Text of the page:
Home' Trinidad and Tobago Guardian : May 14th 2013 Contents A17
Tuesday, May 14, 2013 www.guardian.co.tt Guardian
...Adding To Your Value
WASHINGTON DC---The United States
Congress has started formal consideration
of a sweeping immigration reform bill
that creates a "path to citizenship" for
an estimated 11 million undocumented
immigrants, including Caribbean nation-
als.The Senate Judiciary Committee is
expected to finish work on the bill this
week adopting Republican amendments
aimed at stronger border security.
The immigration bill requires the US
federal government to gain almost total
control of the border, authorising money
for drones, Customs and Border Protection
officers and prosecution of illegal entries.
Under the bill, new guest worker pro-
grammes would be established, particularly
for low-skilled workers, and employers
would be required to verify the legal status
of all employees.
In exchange, Caribbean and other immi-
grants now in the US without legal status
would be eligible for provisional status if
they paid fees, fines and taxes.
They could gain legal residency ten years
after the border was declared secure. After
13 years, they would be eligible for citi-
The eight senators in the bipartisan
group that drafted the bill---four of whom
are on the 18-member Judiciary Commit-
tee---were successful in fending off changes
that would derail the bill.
Immigration advocates and legal experts
say no previous Congressional effort to
change immigration law has offered such
a broad, swift reprieve to immigrants
deported by the US.
The bill would give a legal second chance
to thousands of Caribbean and other
deportees without serious criminal records
who have a child, parent or spouse with
a green card or American citizenship.
Many deportees brought to the United
States before their 16th birthday would
be eligible to return as well.
An amendment from Alabama Repub-
lican Senator Jeff Sessions, who is among
the bill s most vocal critics, has sought to
strip out the deportee reprieve.
But other opponents have welcomed it
as a political godsend, describing it as such
an overreach that it would make the entire
immigration bill easier to defeat.
Some Democrats and immigrant rights
groups have pledged to defend the deportee
return, characterising it as an important
step in righting a wrong.
"We have had four million people
deported since 2002 and close to two mil-
lion since 2008," said Angelica Salas, direc-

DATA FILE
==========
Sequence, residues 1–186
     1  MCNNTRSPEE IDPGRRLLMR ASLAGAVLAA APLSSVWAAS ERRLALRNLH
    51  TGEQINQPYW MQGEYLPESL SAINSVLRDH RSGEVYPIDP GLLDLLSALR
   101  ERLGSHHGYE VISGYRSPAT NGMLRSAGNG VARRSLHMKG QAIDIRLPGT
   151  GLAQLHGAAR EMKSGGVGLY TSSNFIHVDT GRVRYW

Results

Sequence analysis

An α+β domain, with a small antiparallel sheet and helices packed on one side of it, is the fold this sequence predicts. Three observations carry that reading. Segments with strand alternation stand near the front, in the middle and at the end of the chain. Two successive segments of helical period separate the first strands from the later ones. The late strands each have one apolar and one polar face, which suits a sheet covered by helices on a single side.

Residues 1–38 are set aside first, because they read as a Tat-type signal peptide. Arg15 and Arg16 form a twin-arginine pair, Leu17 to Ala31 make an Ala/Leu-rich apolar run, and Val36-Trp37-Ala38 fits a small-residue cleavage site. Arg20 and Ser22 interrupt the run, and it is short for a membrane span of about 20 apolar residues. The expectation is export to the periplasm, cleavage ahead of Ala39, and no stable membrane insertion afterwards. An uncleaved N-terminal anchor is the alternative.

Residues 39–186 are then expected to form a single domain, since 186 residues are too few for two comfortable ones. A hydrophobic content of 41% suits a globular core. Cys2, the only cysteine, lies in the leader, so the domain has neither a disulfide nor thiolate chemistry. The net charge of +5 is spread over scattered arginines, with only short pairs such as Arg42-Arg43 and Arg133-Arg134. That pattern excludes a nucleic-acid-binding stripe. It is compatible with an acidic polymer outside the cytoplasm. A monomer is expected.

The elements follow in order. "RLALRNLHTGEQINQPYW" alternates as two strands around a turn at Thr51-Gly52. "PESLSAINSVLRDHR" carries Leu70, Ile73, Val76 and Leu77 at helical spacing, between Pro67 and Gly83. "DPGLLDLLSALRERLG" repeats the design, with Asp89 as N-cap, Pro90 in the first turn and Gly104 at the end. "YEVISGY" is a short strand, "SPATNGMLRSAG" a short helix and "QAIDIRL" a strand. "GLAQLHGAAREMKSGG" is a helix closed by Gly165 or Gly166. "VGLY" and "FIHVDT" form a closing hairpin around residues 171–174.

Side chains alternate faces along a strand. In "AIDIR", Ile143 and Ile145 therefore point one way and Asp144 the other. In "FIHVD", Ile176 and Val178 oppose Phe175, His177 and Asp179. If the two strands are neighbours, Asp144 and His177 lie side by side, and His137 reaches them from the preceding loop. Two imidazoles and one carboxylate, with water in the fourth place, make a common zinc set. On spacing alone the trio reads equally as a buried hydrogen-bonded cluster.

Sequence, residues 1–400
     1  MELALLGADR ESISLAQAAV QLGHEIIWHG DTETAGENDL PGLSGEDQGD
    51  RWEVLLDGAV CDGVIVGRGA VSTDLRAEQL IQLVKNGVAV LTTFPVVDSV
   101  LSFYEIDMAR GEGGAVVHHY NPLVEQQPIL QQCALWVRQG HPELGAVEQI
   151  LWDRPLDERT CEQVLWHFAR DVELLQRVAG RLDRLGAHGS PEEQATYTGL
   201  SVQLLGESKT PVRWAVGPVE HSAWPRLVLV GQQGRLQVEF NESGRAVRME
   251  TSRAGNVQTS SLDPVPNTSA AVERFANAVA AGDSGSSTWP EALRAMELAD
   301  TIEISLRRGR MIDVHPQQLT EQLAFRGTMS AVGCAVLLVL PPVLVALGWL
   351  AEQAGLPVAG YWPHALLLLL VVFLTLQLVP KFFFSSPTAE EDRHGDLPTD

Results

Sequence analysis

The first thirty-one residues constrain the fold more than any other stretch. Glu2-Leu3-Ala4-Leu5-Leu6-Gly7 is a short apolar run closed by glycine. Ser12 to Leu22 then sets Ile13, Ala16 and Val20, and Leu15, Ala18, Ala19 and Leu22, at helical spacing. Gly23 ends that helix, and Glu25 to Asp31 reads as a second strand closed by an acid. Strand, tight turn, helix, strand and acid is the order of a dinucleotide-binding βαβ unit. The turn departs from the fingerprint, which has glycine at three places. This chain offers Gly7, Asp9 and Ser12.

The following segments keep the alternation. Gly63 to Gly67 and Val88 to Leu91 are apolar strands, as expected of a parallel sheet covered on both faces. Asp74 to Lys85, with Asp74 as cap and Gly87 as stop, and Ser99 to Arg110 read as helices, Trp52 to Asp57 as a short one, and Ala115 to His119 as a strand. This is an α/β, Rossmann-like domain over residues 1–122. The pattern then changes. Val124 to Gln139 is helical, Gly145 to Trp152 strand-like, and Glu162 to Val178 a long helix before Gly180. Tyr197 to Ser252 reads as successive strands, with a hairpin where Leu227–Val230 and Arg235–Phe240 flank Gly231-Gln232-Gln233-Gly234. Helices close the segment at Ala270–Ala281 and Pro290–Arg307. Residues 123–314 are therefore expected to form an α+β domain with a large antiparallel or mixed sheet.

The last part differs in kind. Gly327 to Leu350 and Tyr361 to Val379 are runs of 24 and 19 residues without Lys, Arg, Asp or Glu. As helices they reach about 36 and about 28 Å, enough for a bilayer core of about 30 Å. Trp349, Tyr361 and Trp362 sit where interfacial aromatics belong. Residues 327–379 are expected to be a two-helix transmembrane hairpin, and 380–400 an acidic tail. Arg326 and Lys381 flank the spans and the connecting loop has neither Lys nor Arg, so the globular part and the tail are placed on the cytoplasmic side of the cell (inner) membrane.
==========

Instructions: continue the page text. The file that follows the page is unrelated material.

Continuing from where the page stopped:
tor of the Coalition for Humane Immigrant
Rights of Los Angeles.
"This is the only way to reunite families
that have been destroyed by our outdated,
broken and cruel immigration policies,"
The Senate bill would reduce future
deportations by giving millions of immi-
grants in the United States provisional
But a Senate aide involved in legislative
negotiations says deportees would not be
granted an automatic right of return; they
would have to apply.
He said Caribbean and other deportees
would be ineligible if they had been
expelled for criminal reasons, or if they
were convicted of a felony or at least three
misdemeanors. The waivers would be
granted at the discretion of the secretary
of homeland security.
Immigration lawyers, however, say that
could mean approvals end up being incon-
sistent, adding that some immigrants
would likely not trust the system that had
"It s arbitrary. It depends on who picks
you up, when, and where they pick you
up," said David Leopold, general counsel
for the American Immigration Lawyers
"So who will become eligible or ineligible
in terms of illegal re-entry is really luck
of the draw," he added. (CMC)
NASSAU, Bahamas---Police said
a five month old baby was burnt
beyond recognition after a fire
destroyed the second floor of a
two storey building on Sunday.
The authorities said a 30-
year-old unidentified was injured
as he attempted to rescue the
baby girl from the burning build-
Police did not name the dead
toddler but said their investiga-
tions were continuing into the
Sunday afternoon blaze at the
Amos Ferguson Street house,
south of Cordeaux Avenue.
"The child was discovered
burnt beyond recognition after
fire fighters extinguished the
blaze," a police statement said.
Baby dies in Bahamas fire
US immigration bill could
benefit Caribbean nationals
Bill Clinton, left,
and newly named
pose for photos
meeting of the
External Aide for
of Haiti (CAED), in
Haiti. Created by
CAED, is a new
funds. AP PHOTO
HELP FOR HAITI
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